Discover this vast conservation area in the Kunene region on the boundaries of Oshana, Oshikoto and Otjozondjupa. The salt pans are visible from a spaceship, the most remarkable geological features in the national park and the main depression covering an area of about 5,000 square km. The pan is so salty that few species can live there except for tiny microorganisms – it is usually dry except for the summer rainy months when pelicans and flamingos arrive en masse to find these microorganisms. In the dry season, winds blowing across the salt pan pick up saline dust and carry it across the country adding minerals to the soil on which some wildlife depends – but this salty dust can affect farming. 

Etosha’s gates and certain landmarks have been named after people who were part of the park’s origins. Did you know that explorers Charles Andersson and Francis Galton first discovered this wild region with Ovambo traders in 1851? And that Etosha actually means ‘Great White Place’ in the Ovambo language?

German troops occupied the Namutoni region in 1896 where they built the fort. The Ovambo burnt it down at the turn of the century and today it is a national monument. The original Etosha was the largest national park in the world. But politics in the ‘60s shrank that 100 000 square kilometre area of the present 20 000 km2.

Family Safaris in Etosha National Park

Take your family on a thrilling holiday to a vast and dry wilderness – Etosha is a fascinating place in northern Namibia with plenty of watering holes and a huge salt pan so provides adventure for families and friends who love wildlife viewing. 

Choose luxury and rustic camps and lodges close to incredible sightings yet packed with modern amenities and close to shops and cafes. Kids will feel in awe at this epic environment and want to run free in this vast magic place so take them on all the offered outings. Many of the Etosha camps offer game drives, guided walks and birding safaris and kids will see rare black rhinos, herds of elephants and amazing antelopes and lions endemic to this saltpan region.

Get out to find the Fairy Tale Forest near Okaukuejo where hundreds of moringa trees grow on the plains. It’s a ‘great white place’ and is extremely dry in winter but very lush in summer – two extremes.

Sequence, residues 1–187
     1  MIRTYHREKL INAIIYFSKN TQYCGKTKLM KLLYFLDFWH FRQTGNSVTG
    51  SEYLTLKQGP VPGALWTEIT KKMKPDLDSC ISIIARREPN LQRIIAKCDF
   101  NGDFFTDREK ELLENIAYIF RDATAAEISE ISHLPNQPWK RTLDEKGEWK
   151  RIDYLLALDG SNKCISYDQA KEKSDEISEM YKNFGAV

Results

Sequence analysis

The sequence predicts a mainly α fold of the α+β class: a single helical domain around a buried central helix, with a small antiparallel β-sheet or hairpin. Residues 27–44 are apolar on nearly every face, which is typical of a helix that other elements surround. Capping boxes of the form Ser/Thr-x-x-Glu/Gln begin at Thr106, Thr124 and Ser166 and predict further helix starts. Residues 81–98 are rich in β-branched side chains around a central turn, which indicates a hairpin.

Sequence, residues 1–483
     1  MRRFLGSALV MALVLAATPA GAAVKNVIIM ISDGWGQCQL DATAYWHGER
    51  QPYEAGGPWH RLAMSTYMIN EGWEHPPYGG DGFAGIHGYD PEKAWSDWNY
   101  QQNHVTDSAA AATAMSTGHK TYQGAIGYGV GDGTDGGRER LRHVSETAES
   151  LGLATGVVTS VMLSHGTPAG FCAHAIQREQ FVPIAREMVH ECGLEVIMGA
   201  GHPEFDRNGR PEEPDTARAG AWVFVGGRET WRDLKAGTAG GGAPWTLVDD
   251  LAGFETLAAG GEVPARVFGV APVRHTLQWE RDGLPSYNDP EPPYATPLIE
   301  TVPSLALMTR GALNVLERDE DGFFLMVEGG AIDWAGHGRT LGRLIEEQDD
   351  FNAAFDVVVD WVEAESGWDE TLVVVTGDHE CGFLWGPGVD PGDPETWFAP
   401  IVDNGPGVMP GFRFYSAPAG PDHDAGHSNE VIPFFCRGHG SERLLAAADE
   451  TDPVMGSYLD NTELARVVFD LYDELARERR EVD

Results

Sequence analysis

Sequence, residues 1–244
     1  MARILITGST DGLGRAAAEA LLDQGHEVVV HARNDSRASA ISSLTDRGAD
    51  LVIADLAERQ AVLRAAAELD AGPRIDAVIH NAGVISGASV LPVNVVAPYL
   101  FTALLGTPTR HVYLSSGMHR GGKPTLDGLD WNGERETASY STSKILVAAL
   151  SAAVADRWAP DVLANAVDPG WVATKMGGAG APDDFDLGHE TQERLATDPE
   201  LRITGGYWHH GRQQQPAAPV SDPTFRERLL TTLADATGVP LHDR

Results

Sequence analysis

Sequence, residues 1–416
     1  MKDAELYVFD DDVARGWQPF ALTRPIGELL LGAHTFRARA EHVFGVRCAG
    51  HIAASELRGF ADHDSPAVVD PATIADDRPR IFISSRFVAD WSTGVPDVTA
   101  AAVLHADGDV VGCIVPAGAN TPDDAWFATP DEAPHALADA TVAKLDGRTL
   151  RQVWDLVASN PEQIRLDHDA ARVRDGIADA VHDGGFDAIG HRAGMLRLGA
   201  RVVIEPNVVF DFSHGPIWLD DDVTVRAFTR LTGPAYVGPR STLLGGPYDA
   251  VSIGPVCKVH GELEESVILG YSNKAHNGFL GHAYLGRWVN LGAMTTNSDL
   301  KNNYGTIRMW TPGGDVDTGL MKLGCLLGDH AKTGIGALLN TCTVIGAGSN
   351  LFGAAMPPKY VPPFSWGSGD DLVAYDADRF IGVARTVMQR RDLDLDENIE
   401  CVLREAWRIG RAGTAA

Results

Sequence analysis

Most Etosha camps and lodges feature swimming pools too and kind staff are keen to make a difference in your kids’ holiday experience. Treat your family to this once-in-a-lifetime experience in the Namibia wilds of awesome Damaraland – a time to be active and to be quiet, a time to chat and a time to listen. Nature beckons.  

The Best Of The Best Safaris in Etosha

Plan a Namibia tour and safari with Voyage2Africa, the African travel experts, and enjoy signature experiences to premier wildlife destinations south of the equator. We bring you thrilling adventures in the infinite spaces of the Etosha conservation region packed with wildlife and perfect sunset moments. We offer you the best of the best safari accommodation in and around this craggy terrain, in lavish lodges, splendid family resorts, eco villas and rustic wild campsites in nature.  Take a look at some beautiful safari camps here for starters. 

Did you know?

The Etosha Pan was one of several sites in southern Africa in the Southern African Regional Science Initiative (SAFARI) during a programme to collect a wide variety of data on aerosols, land cover and atmosphere to study and understand the interactions between people and the natural environment – scientists used satellites, aircraft, and ground-based data from sites such as Etosha.